“Ladki ghar ki izzat hoti hai” How often have you heard this line? And how often did you question its deep-seated patriarchy? Are women as frail as the idea of reputation? Do we value women as much as we value family reputation? And lastly, why don’t we let women build their own reputation rather than forcing them to assimilate into the family’s reputation?
The hypocrisy of “ladki ghar ki izzat hoti hai”
The idea of considering women as the representation of family reputation is as old as patriarchy itself. The major problem with the idea is its hypocrisy. Izzat or reputation matters to everyone. Especially when it comes to community or family honour, it is worth taking any risk. But then why don’t we value women as much as we value the family reputation? If women embody family honour, why are they oppressed and deprived of their rights within the family? If women embody the country’s honour, why aren’t they safe and empowered? Why is family honour only understood in terms of a woman’s restriction and oppression and not her empowerment?
It is very basic to think that if women embody family honour, their empowerment and happiness should further boost the family’s strength. But on the contrary, families confine their women within houses and deprive them of their rights to be educated, free and empowered. They don’t let women make the decisions for themselves or the family.
Their happiness is understood only in terms of the family’s or its male members’ happiness and satisfaction. Women’s subordination to men seems to be mandatory to preserve the family honour rather than their success and empowerment. It is only ironic that even though family honour resides in women, its preservation often comes at the cost of their life. Even today, women are brutally killed by their kins in the name of protecting the family or communities’ honour.
Family honour is measured in terms of women’s bodies and not their individualities
It is important to note here that when society defines women as family honour, it refers to their bodies and taboos around them rather than their individualities. Because if it referred to their individualities, wouldn’t they get the right to uphold and carry forward the name and legacy of the family?
If women were the honour of the family, why would we ever have a concept like male-child preference or female infanticide? So by defining women as family honour, society restricts women’s individuality to their bodies and sexualities- the defilement of which is an attack on the personal and family honour.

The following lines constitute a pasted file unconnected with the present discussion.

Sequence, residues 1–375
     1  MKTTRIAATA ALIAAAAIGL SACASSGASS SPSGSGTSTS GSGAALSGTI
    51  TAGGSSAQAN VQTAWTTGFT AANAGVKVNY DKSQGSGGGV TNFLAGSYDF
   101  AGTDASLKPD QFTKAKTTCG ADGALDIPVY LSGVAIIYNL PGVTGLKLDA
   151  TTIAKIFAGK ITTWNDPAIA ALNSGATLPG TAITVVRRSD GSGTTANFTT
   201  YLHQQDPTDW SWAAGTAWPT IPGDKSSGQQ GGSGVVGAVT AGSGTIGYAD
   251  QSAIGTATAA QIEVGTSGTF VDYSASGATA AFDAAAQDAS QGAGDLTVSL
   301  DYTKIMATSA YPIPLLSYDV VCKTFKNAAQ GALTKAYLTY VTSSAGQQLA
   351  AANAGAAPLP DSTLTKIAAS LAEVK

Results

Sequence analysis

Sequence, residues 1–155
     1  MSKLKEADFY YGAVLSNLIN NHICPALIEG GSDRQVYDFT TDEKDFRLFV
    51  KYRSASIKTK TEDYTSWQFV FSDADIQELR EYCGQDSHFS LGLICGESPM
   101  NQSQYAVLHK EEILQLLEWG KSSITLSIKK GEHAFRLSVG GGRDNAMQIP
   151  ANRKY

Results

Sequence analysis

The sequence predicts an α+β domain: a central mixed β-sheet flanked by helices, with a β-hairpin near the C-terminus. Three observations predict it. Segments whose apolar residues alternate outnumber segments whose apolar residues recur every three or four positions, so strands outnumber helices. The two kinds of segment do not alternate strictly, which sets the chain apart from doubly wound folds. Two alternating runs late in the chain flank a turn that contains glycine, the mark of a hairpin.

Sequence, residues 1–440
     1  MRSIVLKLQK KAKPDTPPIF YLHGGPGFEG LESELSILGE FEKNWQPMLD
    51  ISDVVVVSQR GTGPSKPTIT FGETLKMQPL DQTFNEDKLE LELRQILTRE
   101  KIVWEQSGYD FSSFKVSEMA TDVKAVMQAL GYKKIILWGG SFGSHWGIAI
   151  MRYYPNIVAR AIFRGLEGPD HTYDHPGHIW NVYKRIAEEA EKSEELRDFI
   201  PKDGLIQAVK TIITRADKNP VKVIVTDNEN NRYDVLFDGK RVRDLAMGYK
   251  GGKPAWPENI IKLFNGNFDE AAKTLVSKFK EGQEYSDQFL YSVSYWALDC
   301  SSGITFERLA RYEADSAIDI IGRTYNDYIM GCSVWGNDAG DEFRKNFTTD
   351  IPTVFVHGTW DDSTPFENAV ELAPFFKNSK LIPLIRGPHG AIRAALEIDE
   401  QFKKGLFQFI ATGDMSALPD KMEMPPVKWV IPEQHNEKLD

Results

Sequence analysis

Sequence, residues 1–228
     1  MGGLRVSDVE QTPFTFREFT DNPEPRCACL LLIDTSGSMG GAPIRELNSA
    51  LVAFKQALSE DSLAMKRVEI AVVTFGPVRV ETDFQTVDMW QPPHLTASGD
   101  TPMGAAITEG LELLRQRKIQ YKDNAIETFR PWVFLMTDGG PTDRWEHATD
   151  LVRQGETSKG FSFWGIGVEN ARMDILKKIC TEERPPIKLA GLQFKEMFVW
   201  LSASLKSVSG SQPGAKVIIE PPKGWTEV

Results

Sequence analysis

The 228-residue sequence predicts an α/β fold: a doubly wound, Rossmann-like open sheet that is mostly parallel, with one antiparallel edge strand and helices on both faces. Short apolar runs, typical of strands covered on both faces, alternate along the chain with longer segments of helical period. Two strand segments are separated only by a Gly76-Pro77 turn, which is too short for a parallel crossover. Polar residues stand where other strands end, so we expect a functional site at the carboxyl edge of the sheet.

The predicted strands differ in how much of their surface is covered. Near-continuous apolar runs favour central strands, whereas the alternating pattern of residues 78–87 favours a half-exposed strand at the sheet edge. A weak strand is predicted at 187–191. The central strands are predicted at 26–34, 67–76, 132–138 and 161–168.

But do women have no agency and voice that goes beyond the limitations of their bodies? Is it right to confine women’s individuality within the limitations of the body? Is it right to measure a woman’s worth in terms of the presence or absence of scars on her body? And how do we define whether a body and hence a woman’s individuality is defiled? In a society where a pre-marital kiss is seen as immoral, isn’t the concept of women’s honour and worth made too fragile?
Ghar ki izzat should be determined by its empowered men and women
If women are the family honour, it is imperative to give them the right to define its terms. We need to understand that if women are the Ghar ki izzat, then their success should be a matter of pride and oppression a matter of shame for the family. Rather than expecting women to change themselves, give up their choices and freedom to preserve the family honour, it is about time that we change the way we define Ghar ki izzat.
It is wrong to believe that a family’s reputation is upheld by empowering its men and oppressing its women. It is wrong to believe that family’s honour lies in women’s submission to male authority. And it is wrong to believe that family honour is defiled by women who defy social norms. Rather, Ghar ki izzat should depend on how empowered the men and women living in it are. It should depend on the feminist upbringing and discourse painting the walls of the house.
Views expressed are the author’s own.